Each embossed hardback volume includes• the translation of Gerhard's Loci (originally published from 1610 to 1625)
• a glossary of key theological, rhetorical, and philosophical terms
• a name index
• a Scripture index
• a carefully researched works cited list that presents guidance for deciphering the numerous abbreviations of the other titles from which Gerhard quotes.(publisher's website)
Both volumes need to be taken together (purchased, studied, and embraced).
This volume, the second part of Johann Gerhard’s commonplace On the Ecclesiastical Ministry deals especially with grades of ministers, marriage of the clergy, and duties including preaching, administering the Sacraments, church discipline, care of the poor, and visitation of the sick.
What power do pastors have? What are their duties? Against anticlericalism on one side and Roman Catholic views of hierarchy on the other, Gerhard teaches the New Testament doctrine of the ministry. Gerhard sets forth the true, Evangelical Lutheran view of bishops, explains what spiritual power ministers of the Word have, and describes not only the holy duties of preachers and hearers, but also their common vices. On the basis of Scripture, Gerhard defines the ecclesiastical ministry as “a sacred and public office, divinely instituted and committed to certain men through a legitimate calling, so that they, being equipped with a peculiar power, may teach the Word of God, administer the sacraments, and preserve ecclesiastical discipline, in order to bring about the conversion and salvation of people and to spread the glory of God.”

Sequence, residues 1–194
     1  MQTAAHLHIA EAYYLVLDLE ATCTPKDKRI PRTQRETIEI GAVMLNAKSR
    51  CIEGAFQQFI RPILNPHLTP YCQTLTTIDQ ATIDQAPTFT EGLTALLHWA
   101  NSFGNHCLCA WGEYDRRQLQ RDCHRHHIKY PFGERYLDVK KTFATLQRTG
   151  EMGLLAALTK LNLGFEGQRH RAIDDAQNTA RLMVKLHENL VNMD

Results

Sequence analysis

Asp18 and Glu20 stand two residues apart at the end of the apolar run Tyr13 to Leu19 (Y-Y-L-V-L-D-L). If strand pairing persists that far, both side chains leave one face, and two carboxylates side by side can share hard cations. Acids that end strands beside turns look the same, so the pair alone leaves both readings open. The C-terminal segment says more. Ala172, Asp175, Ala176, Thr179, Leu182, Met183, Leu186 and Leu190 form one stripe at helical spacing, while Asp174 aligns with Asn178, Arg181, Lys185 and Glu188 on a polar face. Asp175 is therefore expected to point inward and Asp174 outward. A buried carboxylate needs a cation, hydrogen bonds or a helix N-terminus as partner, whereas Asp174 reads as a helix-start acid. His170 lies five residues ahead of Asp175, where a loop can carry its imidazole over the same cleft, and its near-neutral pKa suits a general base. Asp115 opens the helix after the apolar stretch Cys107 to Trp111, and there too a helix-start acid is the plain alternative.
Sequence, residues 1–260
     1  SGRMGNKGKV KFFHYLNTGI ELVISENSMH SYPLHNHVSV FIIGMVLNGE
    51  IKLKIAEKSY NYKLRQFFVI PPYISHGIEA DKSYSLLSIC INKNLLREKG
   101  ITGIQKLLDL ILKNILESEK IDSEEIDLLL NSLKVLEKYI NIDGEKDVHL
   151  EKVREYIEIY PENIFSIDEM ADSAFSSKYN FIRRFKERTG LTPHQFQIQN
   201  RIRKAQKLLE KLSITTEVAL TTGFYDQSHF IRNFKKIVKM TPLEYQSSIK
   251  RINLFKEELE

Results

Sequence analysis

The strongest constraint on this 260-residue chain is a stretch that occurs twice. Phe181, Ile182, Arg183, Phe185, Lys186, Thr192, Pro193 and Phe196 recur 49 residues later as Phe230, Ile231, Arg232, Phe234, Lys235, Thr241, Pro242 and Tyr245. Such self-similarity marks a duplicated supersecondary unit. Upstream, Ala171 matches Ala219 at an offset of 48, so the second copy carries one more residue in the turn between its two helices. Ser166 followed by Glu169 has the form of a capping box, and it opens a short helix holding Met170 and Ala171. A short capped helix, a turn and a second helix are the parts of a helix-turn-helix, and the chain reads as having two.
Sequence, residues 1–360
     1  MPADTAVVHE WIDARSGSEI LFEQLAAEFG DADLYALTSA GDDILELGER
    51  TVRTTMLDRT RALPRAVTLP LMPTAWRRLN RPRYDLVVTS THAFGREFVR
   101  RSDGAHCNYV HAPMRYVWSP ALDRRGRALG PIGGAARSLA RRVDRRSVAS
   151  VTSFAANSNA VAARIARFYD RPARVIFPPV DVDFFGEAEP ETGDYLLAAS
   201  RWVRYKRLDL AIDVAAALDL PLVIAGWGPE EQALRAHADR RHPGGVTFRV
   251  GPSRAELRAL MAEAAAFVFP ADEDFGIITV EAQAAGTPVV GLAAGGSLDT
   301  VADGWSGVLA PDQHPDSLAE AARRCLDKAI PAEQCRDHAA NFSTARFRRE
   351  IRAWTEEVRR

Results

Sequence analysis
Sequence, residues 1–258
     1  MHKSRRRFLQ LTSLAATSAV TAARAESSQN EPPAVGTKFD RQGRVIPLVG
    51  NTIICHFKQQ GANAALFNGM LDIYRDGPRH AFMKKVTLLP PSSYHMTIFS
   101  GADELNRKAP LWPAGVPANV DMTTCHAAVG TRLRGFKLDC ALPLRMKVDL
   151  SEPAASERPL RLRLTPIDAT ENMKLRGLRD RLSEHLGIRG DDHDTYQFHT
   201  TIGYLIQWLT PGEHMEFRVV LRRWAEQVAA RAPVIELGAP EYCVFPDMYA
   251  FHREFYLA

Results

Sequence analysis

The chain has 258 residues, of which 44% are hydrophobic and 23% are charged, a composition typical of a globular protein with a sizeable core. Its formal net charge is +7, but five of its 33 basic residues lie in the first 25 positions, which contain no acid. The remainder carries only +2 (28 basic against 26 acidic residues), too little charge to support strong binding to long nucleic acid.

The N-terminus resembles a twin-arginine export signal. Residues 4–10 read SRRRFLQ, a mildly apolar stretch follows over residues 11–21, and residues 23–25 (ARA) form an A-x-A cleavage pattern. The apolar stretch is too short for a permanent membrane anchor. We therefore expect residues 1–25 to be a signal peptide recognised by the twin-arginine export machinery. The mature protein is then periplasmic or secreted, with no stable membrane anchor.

Call 1-800-325-3040 or become a subscriber to the series and save 30% off the retail price!
Books of this sort are not to be lumped together with periodical subscriptions. They are of more importance than paperbacks that wear out. Books of this heft of substance deserve hardcovers. They are an investment, a set worthy to assemble over one's life, an heirloom series.(publisher's website)
What are the gems of the first volume? What are pastors given to do? Consult p. 100ff. How is church discipline to be properly conducted (132ff)? What is the local pastor's role in preserving the rites of the church (as opposed to innovating)? See 137ff. As Luther did, Gerhard still had to argue for and defend marriage for ministers of the church (190-270). He does so extensively and definitively. What about second marriages? Gerhard clears the air (256ff, especially 264). Pastors, understand yourself and your hearers by understanding your vices and common temptations (272ff).
Volume two will help you better understand "liturgy" (15ff), titles given to the holy ministry in the new testament like "bishop" (35ff) and "president" (41), learn the names of the Chief Priests from Aaron to Caiaphas (57), benefit from Apocryha advice (81), better understand the immediate Call (106) and mediate Call (111), as well as what should be avoided when calling (168ff). Gerhard specifically addresses members of other congregations (174), the selection of the Pope (201), ordination without Call (223), and the ceremonies of ordination (234). Gerhard gives us plenty to ponder and ample reason to intentionally reexamine LCMS policies and procedures. Theology is practical, after all.
For more books by Luther, Chemnitz, Gerhard, and Walther, as well as the Fathers of the Lutheran Church, visit http://www.cph.org/t-topic-churchfathers.aspx. Support future translation and publication work by subscribing or gifting a subscription.